The fast-paced development of high rise buildings built in the early 2000s created a vehicular dominated streetscape and fragmented public space known to the Wangjing District. The district is comprised of large-scale residential towers, office buildings, hotels, and retail spaces with imposing architectural features. Over the years, the residential towers became disconnected from the public landscape. the street was dominated by vehicle parking and congestion. The hardscape environment created areas inundated with stormwater after heavy rains, discouraging pedestrian use and activity.
Beyond the complex site conditions, the design team recognized the immense diversity amongst its users. The surrounding area was bustling with workers commuting to their offices, people shopping in the retail establishments, and residents traversing from their homes. The majority of residents originated from Korea, Japan, Germany, and other cities of China with incomes of all levels. This wide diversity of people, culture, and activity led to the concept to create a space that not only bound the adjacent land uses, but also the people that were a part of it. The site conditions, surrounding context, and diverse population inspired a design that connects people to landscape, art, and community. The concept is anchored in three major spaces of the project: the streetscape, an urban plaza, and a garden.
The garden, located in west part of the site, was the first renovated public realm in 2018. The original site was utilized for overflow parking and experienced several flooding events throughout the year. The planting scheme was developed to provide a generous amount of shade from trees and the opportunity to interact with varying plant textures. The planters serve as a visual barrier to the adjacent parking lot and also direct surface run-off into a rainwater collection area comprised of permeable stone, resulting in a 45% reduction of stormwater runoff. It has not experienced any flooding conditions since the renovation.
The garden’s success in transforming underutilized public space into an activated landscape catalyzed the swift implementation of the two-level, 3.7 acre urban plaza. Completed in 2019 and located at the center of the retail complex, the plaza was conceived to be a flexible open space with multiple stages, outdoor dining space, and viewing opportunities. The combination of interactive art, fountains, seating, and polished stainless steel planters are woven together with the use of striated pavement materials highlighting the plaza’s circulatory patterns. The harsh structural elements of the buildings were reimagined as canvases for additional art and color, transforming their previously obtrusive nature into enlivened edifices.
The first level allows for not only passage to adjacent retail establishments but also relaxation and communal enjoyment. Shade trees, flowers, and ornamental grasses soften the hardscape and are accentuated with glowing LED lights during the evening. The sunken level was designed to provide opportunities to entertain, spectate, and interact within the landscape. Theatre spaces were intentionally woven into the flexible design and ample seating was incorporated for optimal viewing. An alternating art exhibition space sponsored by the government promotes continual interest.
Previously prioritizing the vehicle, the street was redesigned as a pedestrian promenade in 2020 to seamlessly and safely connect adjacent properties. Although vehicular access is maintained for emergency situations, it primarily functions as an outdoor space designed for people and events. Closing the street activated the retail establishments, attracting visitors as they pause to enjoy the public space.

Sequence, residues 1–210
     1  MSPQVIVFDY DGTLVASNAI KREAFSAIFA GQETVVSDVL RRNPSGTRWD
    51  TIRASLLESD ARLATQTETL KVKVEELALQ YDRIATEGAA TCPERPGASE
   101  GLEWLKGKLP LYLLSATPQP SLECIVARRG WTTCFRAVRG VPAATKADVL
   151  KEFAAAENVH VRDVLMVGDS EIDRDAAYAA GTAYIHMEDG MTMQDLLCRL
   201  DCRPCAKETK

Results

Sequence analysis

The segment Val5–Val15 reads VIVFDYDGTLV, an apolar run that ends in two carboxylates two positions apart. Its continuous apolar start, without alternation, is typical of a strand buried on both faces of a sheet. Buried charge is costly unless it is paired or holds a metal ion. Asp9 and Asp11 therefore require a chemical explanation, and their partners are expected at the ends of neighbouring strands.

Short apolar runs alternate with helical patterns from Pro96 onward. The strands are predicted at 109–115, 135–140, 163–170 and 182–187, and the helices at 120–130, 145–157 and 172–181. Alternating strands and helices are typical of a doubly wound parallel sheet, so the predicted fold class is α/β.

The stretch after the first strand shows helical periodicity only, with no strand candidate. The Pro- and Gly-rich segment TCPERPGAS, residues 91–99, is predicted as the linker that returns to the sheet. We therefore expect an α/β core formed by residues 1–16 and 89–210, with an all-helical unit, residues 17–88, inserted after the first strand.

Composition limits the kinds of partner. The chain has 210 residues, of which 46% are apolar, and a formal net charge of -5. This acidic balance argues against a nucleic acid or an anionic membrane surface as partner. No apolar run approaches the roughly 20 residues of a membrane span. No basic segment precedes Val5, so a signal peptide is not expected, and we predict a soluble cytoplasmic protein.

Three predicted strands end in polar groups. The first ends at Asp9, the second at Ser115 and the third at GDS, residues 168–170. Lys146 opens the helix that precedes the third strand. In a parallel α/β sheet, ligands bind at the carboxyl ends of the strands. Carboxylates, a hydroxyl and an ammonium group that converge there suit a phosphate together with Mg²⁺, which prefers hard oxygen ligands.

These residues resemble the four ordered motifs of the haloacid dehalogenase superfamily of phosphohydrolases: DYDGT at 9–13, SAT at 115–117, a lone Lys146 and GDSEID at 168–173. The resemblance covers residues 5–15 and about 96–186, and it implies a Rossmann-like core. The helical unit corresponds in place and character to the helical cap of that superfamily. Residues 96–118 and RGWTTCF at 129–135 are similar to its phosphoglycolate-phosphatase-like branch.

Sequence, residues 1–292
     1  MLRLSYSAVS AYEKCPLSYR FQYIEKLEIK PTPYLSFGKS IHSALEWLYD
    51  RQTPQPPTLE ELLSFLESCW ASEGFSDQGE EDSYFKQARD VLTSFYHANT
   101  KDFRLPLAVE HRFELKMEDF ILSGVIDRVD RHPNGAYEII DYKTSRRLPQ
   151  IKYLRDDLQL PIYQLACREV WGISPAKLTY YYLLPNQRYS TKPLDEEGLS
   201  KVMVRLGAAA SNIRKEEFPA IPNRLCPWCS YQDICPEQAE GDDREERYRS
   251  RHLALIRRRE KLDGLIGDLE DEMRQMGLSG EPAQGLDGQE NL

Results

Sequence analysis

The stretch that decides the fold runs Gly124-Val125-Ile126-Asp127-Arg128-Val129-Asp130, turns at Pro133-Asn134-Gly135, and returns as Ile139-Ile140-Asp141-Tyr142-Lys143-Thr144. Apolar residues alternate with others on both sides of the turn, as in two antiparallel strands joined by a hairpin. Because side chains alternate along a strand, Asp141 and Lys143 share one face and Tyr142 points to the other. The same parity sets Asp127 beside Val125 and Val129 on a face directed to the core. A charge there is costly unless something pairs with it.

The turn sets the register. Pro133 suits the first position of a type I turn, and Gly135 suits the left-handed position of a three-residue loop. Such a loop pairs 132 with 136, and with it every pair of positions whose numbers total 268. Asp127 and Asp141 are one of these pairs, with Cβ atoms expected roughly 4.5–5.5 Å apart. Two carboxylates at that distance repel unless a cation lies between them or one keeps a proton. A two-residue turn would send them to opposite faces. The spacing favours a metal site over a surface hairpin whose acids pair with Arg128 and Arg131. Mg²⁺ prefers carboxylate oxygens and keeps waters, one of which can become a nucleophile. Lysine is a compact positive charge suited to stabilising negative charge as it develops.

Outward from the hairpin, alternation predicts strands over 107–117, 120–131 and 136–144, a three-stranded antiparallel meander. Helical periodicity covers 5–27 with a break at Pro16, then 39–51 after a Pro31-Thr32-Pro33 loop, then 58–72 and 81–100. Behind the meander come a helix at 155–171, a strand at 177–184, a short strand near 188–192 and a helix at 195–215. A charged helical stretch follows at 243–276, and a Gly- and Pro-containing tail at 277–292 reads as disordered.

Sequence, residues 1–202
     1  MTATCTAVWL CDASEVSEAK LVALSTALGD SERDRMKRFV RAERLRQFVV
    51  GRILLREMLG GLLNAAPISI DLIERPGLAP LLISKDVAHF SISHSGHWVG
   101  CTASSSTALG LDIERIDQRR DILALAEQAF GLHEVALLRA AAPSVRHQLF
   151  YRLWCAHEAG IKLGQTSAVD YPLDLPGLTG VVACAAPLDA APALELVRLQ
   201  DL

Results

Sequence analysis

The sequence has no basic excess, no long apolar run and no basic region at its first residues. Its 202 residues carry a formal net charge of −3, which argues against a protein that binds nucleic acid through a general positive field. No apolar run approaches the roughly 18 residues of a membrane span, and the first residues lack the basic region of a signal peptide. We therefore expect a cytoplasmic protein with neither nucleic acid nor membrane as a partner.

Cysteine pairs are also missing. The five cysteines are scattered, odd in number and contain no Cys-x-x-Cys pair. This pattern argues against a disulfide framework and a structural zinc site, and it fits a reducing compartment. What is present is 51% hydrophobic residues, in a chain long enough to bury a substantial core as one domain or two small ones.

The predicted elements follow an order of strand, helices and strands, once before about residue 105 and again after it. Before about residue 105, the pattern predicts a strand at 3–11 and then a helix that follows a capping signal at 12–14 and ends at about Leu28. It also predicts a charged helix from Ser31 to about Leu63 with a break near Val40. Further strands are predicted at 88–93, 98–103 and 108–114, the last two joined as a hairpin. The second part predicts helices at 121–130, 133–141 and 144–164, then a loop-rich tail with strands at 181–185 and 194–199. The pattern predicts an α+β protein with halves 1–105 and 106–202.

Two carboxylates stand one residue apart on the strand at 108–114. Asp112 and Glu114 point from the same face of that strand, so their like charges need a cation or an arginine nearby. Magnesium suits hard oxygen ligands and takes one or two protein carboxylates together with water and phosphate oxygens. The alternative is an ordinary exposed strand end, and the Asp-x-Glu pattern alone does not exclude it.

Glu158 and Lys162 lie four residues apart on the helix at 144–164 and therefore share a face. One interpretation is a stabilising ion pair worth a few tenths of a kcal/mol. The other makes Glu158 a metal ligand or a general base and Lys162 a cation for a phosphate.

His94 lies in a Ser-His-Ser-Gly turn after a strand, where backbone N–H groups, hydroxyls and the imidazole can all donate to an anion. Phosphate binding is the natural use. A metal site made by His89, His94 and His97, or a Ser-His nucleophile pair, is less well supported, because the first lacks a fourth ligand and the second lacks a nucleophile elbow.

Three design approaches transformed the street from its drab uniform appearance into a vivid corridor of lifestyles, in collaboration between the artists and our design team. The first approach focused on invigorating the space with the careful placement of memorable art installations. Secondly, the street was proposed to operate as an event stage designed to be flexible in use when shows and exhibitions were not programmed. The third approach utilized the varying levels from the building edge to the street center to create series of seating terraces for event audiences and restaurants’ outdoor dining.
the pedestrian promenade includes fountains, outdoor cafes, seating, space for street vendors and entertainment, and four art installations. Since its opening, the space has hosted more than 30 exhibitions for cars, fashion, sports, as well as daily enjoyment.
The project ability to inspire diverse groups of users to engage with the urban landscape. It holds a prominent role in Beijing’s urban evolution history as the first urban revitalization project to successfully integrate complex systems, achieved through the effective collaboration and support from the government, developer, community, and design team. Its success was also accentuated during the pandemic, providing an opportunity to recreate and interact safely within an urban space surrounded by a dense population. Additional retail establishments have flocked to the popular area and land value of both commercial and residential properties has substantially increased. Careful planning to mitigate construction impacts to the existing businesses and residents during and after construction preserved the district’s diverse character, while the final design accentuated its attributes. As the area’s economic stability and quality of life has increased, a larger movement to incorporate walkable, dynamic, and sustainable landscapes continues. A half mile street redesign is anticipated to begin construction soon with plans to integrate the design concept throughout the district over the next few years.
landscape architect:Ying Lou, Li Jingyi, Mazen Mao,Xian Wu, Lina Sun, Yufeng Liu, Zijun Su, Shengyang Liu
Project location:Chaoyang ,Beijing ,China